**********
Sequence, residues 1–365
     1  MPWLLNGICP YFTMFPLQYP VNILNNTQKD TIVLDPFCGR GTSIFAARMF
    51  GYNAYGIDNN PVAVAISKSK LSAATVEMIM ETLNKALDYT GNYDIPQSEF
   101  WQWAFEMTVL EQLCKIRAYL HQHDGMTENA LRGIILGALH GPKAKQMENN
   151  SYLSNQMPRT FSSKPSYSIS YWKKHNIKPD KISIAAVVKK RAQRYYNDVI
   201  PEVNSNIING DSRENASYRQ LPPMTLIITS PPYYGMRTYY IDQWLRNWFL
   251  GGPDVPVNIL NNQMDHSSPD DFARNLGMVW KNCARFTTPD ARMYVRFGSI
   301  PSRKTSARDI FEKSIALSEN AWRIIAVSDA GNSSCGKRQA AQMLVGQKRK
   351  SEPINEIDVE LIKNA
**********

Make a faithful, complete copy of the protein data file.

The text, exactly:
Sequence, residues 1–365
     1  MPWLLNGICP YFTMFPLQYP VNILNNTQKD TIVLDPFCGR GTSIFAARMF
    51  GYNAYGIDNN PVAVAISKSK LSAATVEMIM ETLNKALDYT GNYDIPQSEF
   101  WQWAFEMTVL EQLCKIRAYL HQHDGMTENA LRGIILGALH GPKAKQMENN
   151  SYLSNQMPRT FSSKPSYSIS YWKKHNIKPD KISIAAVVKK RAQRYYNDVI
   201  PEVNSNIING DSRENASYRQ LPPMTLIITS PPYYGMRTYY IDQWLRNWFL
   251  GGPDVPVNIL NNQMDHSSPD DFARNLGMVW KNCARFTTPD ARMYVRFGSI
   301  PSRKTSARDI FEKSIALSEN AWRIIAVSDA GNSSCGKRQA AQMLVGQKRK
   351  SEPINEIDVE LIKNA